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$R$ is a commutative ring, show $xR[x]$ is prime iff $R[x]$ is an integral domain and show $xR[x]$ is maximal iff $R[x]$ is a field.

Now, I'm trying to use the theorem that a quotient ring is an integral domain iff the ideal is prime, but this situation is a little different. Once I get one of the arguments down then i'm sure the only will follow by adopting a common strategy of how to turn the proof of why the quotient ring that is formed by using a maximal ideal is a field and adapting it to this situation. Any help is appreciated!!

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  • $\begingroup$ I think it would help if you can show that $R[x]/xR[x] \cong R$. $\endgroup$ – matt stokes Sep 13 '18 at 15:16
  • $\begingroup$ Related $\endgroup$ – rschwieb Sep 14 '18 at 14:01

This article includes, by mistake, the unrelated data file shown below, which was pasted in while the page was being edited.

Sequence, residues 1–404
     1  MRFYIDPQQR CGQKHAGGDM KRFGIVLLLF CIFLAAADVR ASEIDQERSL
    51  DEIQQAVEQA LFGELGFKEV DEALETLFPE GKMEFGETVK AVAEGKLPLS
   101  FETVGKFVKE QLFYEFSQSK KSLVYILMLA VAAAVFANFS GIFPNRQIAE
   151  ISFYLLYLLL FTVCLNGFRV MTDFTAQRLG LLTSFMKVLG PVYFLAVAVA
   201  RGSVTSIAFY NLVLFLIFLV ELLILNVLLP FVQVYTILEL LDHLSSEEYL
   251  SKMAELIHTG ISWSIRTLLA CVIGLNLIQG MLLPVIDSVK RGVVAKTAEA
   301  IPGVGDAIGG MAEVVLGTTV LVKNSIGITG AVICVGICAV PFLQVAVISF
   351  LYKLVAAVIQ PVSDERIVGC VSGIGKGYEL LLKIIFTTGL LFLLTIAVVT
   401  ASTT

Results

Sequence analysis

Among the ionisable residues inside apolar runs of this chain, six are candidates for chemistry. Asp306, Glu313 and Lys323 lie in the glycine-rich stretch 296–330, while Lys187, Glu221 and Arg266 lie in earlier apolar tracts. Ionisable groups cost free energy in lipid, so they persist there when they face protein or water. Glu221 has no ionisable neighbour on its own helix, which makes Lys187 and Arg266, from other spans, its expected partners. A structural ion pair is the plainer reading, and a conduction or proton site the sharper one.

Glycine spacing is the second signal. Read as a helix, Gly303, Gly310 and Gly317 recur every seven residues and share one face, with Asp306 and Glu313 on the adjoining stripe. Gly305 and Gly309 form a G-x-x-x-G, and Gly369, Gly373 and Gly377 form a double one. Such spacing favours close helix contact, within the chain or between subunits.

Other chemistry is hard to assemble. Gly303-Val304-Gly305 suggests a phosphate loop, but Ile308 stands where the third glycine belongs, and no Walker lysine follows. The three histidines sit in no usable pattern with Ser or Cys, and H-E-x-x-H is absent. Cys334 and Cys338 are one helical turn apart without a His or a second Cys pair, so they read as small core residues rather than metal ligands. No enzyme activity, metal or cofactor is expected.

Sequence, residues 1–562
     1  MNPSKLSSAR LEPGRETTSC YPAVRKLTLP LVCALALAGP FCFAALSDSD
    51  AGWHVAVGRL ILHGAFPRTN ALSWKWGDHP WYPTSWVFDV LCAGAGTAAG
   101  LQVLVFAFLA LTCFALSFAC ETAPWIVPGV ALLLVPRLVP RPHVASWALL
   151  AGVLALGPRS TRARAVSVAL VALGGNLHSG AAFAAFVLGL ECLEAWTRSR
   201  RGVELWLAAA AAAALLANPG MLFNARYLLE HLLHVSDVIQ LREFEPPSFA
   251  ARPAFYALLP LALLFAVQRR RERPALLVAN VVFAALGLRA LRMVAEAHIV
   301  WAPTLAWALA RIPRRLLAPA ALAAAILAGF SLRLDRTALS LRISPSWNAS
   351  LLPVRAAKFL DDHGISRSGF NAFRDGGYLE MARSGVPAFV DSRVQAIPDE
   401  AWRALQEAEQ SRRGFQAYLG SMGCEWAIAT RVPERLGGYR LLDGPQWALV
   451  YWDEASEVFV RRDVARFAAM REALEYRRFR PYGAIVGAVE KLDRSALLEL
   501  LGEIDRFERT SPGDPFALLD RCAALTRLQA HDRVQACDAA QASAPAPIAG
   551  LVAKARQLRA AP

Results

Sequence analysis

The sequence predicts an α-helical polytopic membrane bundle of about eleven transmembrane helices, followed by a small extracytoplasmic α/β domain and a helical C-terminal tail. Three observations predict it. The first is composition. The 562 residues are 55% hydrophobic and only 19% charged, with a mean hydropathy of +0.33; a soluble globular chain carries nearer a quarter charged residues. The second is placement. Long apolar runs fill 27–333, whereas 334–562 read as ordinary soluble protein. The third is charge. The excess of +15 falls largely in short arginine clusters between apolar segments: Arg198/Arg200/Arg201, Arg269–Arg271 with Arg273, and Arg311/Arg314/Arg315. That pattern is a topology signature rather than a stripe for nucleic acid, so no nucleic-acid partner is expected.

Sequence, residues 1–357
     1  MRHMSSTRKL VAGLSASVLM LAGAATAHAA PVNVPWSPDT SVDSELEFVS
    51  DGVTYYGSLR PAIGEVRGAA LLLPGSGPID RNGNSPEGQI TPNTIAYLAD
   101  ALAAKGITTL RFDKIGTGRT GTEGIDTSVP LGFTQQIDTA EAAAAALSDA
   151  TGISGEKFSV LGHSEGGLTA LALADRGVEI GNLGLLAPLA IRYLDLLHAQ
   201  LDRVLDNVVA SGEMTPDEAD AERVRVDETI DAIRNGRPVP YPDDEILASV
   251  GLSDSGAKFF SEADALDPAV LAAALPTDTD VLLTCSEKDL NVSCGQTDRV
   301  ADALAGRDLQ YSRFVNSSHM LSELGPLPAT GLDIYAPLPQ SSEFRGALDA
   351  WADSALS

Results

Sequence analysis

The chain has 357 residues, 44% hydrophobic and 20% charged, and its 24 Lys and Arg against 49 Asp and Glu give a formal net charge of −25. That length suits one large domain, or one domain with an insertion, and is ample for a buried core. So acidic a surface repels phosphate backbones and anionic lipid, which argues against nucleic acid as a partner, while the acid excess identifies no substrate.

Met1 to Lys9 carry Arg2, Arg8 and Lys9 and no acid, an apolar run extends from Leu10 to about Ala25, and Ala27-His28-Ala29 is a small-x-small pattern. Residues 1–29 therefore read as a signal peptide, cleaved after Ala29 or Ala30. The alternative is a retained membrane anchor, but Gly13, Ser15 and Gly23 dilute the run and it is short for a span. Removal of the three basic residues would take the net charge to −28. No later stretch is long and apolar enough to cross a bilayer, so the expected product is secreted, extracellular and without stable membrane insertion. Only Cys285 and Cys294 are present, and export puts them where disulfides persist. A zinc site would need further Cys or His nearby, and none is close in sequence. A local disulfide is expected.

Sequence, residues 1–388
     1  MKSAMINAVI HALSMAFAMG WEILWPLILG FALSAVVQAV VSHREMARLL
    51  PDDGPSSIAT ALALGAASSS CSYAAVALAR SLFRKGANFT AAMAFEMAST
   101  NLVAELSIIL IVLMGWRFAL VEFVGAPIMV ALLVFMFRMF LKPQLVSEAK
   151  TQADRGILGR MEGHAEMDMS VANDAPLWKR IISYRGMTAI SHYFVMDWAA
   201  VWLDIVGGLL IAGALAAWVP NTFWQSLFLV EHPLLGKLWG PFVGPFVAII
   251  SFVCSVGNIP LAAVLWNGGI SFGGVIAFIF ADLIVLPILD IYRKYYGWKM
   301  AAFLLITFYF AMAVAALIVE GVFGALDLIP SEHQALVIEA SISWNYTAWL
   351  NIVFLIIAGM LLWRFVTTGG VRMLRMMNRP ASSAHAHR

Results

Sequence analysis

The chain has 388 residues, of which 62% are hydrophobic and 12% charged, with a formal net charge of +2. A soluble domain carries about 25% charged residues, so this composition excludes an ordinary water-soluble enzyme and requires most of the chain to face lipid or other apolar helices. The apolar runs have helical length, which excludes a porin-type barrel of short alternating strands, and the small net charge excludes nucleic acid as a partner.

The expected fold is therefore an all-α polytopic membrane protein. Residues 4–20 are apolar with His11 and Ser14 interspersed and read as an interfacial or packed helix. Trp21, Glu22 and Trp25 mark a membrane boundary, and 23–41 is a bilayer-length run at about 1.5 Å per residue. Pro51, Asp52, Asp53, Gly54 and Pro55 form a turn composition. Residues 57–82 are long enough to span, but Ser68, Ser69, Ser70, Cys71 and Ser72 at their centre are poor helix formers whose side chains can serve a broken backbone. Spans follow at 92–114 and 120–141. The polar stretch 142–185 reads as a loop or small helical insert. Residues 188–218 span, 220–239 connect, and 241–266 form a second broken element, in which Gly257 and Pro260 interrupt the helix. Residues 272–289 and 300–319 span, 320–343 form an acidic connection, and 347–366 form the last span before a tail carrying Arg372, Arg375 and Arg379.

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Consider $f:R[X]\rightarrow R$ defined by $f(P)=P(0)$, it is a morphism and its kernel is $XR[X]$.

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I'd encourage proving these lemmas, which are all worth knowing:

$R[x]/(x)\cong R$

and

$R/I$ is a domain iff $I$ is a prime ideal.

and

$R[x]$ is a domain iff $R$ is a domain

If you chain these together, you will have your answer to the first question.

The second question about $R[x]$ being a field is bogus. It is never a field since it always has the nonzero proper ideal $(x)$.


There is another plausible interpretation of your problem, if you perhaps made a mistake when writing it:

Prove the following

  1. $R$ is a domain iff $(x)$ is prime in $R[x]$.

  2. $R$ is a field iff $(x)$ is maximal in $R[x]$.

Those both also follow from the above lemmas.

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